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Reem Al Mealla

Reem Al Mealla Smiles at the camera.

Reem Al Mealla



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Reem Al Mealla is a nature lover by default, a marine biologist graduate and a climate advocate by concern. Following the completion of her BSc. in Marine & Freshwater Biology at the University of Essex, she went on to do her MSc. in Ecology, Evolution & Conservation at Imperial College London. 

She gained her field experience through her work in Indonesia where she conducted her undergraduate dissertation on the behaviour of four species of butterfly fish in relation to reef quality in the Wakatobi Marine National Park and was awarded the Abel Imray Prize (joint) in 2010 from the University of Essex for this project. She then did her postgraduate thesis on investigating marine turtle nesting sites, local perceptions and conservation strategies in Northern Madagascar.

In Bahrain which is located in the Arabian Gulf, Reem has spent the past 5 years working in the environmental sector – some of her noteworthy accomplishments include serving as the National Project Manager for the Revision of the National Biodiversity Strategy and Action Plan (NBSAP) Project in addition to establishing the preliminary foundation for the Implementation of the Cartagena Protocol on Biosafety at a national level and Bahrain’s first online environmental platform – bnature.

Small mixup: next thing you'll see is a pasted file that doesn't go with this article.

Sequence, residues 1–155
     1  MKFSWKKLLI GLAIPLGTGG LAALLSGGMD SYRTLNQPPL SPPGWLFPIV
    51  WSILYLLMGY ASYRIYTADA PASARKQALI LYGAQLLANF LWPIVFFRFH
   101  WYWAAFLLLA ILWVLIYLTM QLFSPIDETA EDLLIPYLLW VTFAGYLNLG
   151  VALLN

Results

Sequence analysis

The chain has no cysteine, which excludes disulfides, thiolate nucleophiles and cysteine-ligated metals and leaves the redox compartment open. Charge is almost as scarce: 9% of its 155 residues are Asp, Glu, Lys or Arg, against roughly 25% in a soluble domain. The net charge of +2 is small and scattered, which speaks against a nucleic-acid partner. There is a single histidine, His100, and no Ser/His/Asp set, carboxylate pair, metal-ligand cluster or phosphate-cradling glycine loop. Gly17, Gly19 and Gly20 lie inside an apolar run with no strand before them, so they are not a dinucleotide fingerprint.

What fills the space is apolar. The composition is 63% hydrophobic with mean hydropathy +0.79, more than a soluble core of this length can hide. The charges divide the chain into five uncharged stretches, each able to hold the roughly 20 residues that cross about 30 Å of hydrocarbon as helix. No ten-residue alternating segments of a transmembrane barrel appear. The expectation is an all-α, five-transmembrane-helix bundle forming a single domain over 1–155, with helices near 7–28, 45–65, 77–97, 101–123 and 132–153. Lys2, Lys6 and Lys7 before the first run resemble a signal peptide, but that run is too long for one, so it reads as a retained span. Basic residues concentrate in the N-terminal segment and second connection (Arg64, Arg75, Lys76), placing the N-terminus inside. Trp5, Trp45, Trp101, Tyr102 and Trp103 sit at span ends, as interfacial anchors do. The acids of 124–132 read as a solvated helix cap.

Current Research

Accretional health of reefs in the Arabian Gulf and Indian Ocean


Coral reefs are the result of long term net calcium carbonate (CaCO3) accretion, which is a combined result of net CaCO3 by calcifying primary and secondary reef builders and destructive biophysical processes caused by bioeroders. Coral calcification is influenced by environmental conditions (e.g. temperature, depth and ocean acidification) and depends on symbiotic partnership between the coral and its dinoflagellate algae (Symbiodinium). When a coral encounters stress, the symbiosis breaks down thereby resulting in coral bleaching which impacts reef calcification in the short and long term. In order to effectively monitor reef health it is essential to determine the current status of reef environments and whether reef frameworks are actively accreting CaCO3 or being eroded away. Recent research has demonstrated that different clades and sub-clades of Symbiodinium spp. display varying tolerance to both heat and light stress. Symbiodinium thermophilum sp. nov. (clade C) a thermotolerant symbiotic algae, is prevalent in corals situated in the world's hottest sea, the Persian-Arabian Gulf (PAG), contradicting previous published results claiming that Clade D was dominant. Similarly regional studies across the Western Indian Ocean (WIO), indicate that Symbiodinium spp. of clade C are the most dominant. This study aims to determine accretional health in Bahrain (PAG) and the Seychelles (WIO) whilst investigating the cost-benefit of their coral’s symbionts during both stressed and non-stressed enviornmental conditions, as compared to global reference sites.




Abel-Imray Prize – Joint Award(2010)

Motivational, Empowering & Inspirational [M.E.I] Women Award (2017) from the University of Essex




RCUK 2016

EnvExpo 2017 [Poster Presentation]


Research group(s)/Laboratories etc

Coral Lab - Coral Reef Research Unit – University of Essex

Primary Supervisor: Dr. Leanne Hepburn

Secondary Supervisor: Prof. David Smith


Other activities

Dissertation Project Leader – Indonesia Expedition (2017) – Operation Wallacea


Personal Website